Gallery of Fine Art Photography - Atlanta GA

dialogue

Vivian Maier Developed

Presentation by Ann Marks

The Real Story of the Photographer Nanny and a Thematic Review of her Work
Thank you to the standing room crowd who braved the elements on Saturday, January 19th.
Ann Marks

Ann Marks

When John Maloof’s 2013 documentary Finding Vivian Maier debuted, former New York business executive Ann Marks was one of thousands of people who were intrigued by the story of a mysterious Chicago nanny who made over 100,000 photographs that were hidden away unseen in storage lockers until John Maloof discovered them in 2007. Maier, who died in 2009 and never tried to exhibit or publicize her work during her lifetime, is now being hailed by critics as a master of street photography.
Marks felt such a keen interest in Maier’s life after watching the documentary and undertook a personal research project to fill in the blanks in this elusive artist’s life.
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“When I saw the movie Finding Vivian Maier I was so taken with the story and images, that I went online for more information. I felt if I understood Maier’s background, I could better understand her work. At the time, Cook County was looking for Vivian’s brother as he was the designated heir to her estate. I said to myself, ‘I bet I can find what happened to him’ and I did,” Marks said in a recent interview.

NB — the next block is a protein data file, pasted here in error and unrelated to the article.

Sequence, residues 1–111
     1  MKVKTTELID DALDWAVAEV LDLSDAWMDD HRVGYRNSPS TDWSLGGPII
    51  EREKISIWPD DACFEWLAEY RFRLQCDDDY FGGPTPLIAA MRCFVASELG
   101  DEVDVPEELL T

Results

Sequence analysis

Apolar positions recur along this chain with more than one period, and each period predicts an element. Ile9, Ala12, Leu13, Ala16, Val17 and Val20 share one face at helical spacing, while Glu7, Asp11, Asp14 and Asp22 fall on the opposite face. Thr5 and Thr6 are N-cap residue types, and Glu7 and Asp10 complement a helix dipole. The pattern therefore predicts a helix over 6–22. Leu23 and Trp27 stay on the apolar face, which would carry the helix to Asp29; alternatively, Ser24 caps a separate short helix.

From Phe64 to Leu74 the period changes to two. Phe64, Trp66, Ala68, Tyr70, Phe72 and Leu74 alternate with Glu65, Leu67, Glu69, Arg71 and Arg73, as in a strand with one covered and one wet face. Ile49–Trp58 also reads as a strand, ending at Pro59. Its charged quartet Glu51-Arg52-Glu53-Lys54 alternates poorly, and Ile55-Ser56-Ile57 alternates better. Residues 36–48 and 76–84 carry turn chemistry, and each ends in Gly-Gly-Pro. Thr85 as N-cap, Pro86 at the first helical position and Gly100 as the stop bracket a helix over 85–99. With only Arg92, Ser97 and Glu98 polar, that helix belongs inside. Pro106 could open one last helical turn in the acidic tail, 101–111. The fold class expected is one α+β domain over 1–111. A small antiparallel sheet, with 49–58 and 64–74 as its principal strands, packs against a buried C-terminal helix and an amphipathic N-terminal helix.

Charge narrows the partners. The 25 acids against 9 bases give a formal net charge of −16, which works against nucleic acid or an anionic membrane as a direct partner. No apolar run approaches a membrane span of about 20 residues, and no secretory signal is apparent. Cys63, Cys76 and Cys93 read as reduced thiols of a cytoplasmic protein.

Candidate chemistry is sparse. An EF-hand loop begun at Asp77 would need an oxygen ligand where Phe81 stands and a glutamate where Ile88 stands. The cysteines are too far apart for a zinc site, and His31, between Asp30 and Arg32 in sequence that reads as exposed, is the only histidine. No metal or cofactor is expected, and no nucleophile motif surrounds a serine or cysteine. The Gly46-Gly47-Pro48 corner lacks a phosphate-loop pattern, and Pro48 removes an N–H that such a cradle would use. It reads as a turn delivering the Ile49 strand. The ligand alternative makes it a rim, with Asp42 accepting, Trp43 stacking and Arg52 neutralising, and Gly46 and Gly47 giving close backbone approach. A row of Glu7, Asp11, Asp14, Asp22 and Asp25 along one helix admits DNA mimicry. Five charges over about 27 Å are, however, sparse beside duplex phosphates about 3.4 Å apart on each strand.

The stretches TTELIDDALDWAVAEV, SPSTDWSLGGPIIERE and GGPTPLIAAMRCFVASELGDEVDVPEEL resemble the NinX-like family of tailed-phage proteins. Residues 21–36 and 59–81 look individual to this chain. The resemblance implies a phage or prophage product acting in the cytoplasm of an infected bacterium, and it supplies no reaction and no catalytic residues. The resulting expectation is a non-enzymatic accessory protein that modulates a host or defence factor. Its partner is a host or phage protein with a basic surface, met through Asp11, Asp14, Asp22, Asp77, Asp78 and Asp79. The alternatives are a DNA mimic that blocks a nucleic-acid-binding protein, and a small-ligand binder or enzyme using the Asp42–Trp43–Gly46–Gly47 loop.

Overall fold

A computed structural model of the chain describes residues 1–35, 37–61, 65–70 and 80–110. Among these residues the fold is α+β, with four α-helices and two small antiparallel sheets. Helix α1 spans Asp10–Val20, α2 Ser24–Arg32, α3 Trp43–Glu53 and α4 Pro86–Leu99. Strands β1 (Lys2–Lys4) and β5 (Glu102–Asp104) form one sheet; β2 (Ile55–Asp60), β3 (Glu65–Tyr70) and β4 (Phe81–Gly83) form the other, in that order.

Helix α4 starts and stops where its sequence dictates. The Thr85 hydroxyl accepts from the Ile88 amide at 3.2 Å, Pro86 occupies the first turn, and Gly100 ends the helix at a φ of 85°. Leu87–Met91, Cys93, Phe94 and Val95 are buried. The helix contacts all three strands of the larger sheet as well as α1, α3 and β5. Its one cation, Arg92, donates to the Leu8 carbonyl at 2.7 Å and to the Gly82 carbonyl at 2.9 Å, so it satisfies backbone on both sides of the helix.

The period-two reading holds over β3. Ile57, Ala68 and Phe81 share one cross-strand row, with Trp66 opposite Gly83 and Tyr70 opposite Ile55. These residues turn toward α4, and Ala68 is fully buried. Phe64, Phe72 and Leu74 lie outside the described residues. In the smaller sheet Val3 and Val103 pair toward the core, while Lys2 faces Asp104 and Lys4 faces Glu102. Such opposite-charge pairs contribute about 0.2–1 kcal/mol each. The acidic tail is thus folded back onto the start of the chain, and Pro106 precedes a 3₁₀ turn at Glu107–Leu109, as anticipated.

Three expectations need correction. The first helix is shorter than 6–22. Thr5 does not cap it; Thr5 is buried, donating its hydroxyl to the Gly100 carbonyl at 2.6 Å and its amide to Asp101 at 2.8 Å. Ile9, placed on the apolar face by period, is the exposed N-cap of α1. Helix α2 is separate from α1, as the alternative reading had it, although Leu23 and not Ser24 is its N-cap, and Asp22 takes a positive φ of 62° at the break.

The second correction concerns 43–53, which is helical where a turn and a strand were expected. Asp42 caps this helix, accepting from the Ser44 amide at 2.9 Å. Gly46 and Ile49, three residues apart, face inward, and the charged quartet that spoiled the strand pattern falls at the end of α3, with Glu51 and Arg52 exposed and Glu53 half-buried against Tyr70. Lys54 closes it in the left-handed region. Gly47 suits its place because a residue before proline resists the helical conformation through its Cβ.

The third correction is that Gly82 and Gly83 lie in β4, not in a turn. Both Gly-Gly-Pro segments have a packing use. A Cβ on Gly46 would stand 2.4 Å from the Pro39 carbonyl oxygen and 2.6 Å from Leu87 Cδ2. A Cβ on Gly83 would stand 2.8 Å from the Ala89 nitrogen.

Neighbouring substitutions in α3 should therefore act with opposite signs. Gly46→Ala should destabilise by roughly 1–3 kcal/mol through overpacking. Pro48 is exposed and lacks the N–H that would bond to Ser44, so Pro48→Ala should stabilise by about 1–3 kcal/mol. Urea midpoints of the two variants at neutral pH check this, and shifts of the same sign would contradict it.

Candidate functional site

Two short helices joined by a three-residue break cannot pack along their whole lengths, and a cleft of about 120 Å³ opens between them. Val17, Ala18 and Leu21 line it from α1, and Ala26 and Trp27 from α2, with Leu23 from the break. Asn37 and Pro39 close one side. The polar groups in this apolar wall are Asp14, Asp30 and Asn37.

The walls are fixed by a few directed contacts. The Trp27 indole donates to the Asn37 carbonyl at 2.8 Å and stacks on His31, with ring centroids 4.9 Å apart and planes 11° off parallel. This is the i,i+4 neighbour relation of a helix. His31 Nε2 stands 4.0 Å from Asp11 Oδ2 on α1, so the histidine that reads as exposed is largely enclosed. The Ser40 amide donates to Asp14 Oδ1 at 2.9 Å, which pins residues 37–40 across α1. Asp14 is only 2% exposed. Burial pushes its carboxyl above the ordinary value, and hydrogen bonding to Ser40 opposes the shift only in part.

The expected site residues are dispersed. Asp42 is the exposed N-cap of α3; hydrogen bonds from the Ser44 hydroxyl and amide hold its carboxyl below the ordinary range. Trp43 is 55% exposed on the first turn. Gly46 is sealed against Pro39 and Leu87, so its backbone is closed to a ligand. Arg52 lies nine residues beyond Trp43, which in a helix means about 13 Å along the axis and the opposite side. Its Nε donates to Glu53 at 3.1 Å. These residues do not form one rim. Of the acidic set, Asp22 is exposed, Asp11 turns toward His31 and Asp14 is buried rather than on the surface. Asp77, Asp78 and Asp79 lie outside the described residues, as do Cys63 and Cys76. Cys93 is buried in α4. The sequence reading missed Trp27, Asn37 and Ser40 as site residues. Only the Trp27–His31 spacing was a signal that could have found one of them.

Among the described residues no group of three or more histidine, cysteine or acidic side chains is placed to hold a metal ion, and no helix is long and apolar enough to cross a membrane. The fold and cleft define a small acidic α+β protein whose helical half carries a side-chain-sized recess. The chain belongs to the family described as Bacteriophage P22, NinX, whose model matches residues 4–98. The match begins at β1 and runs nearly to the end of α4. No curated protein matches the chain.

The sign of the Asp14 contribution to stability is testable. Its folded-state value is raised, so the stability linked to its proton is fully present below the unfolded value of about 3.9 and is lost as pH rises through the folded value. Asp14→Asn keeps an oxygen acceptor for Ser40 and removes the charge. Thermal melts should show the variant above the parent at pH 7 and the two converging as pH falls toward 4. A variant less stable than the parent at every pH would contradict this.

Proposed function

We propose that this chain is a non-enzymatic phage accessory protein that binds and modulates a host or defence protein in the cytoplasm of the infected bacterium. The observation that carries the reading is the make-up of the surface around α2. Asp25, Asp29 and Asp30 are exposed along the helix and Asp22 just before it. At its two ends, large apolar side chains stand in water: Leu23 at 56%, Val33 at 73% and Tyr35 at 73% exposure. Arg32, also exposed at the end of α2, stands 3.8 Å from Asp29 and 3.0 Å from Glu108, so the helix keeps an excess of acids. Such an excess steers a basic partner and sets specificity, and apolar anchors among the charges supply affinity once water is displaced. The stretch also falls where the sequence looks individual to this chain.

Virtually nothing was known about Vivian Maier before John Maloof purchased her photographs that were found in a defaulted storage locker and auctioned off. Maloof is the primary owner of Maier’s images and has been the driving force to bring her story to the public.
Despite the publication of several photo books of Maier’s work and the creation of the documentary, her family history remained a mystery. According to most accounts, Vivian was an extremely private person and rarely spoke of herself at all. Enter Ann Marks… For 30 years Marks was a marketing executive and worked for Kraft General Foods, American Express and Dow Jones/The Wall Street Journal. The skills she developed in her career helped her make important discoveries about Maier’s past. “I think my business background does tie into my work related to Vivian Maier. An important part of my work was understanding people through research—what they ate, how they shopped, what they read, how they made decisions—and the type of research I am doing regarding Vivian is an extension of that interest and expertise,” Marks said.
Marks dug though historical documents and government records to establish previously unknown facts about the photographer’s ancestry and life and collaborated with supporters in her hometown in the Haute Alpes. The only person to have access to Vivian Maier’s complete archive, Marks studied photographs for clues that enabled her to track down and interview individuals from Maier’s entire life, including those who knew her in New York during the time she began photography.
The Lumiere presentation covered key events from Maier’s life that informed her work as well as overarching themes represented in both her black & white and color images.
To see more of Vivian Maier’s B&W work visit her Lumière B&W artist page,
To see more of Vivian Maier’s Color work visit her Lumière Color artist page,
Or the exhibition page, Vivian Maier: The Color Work.
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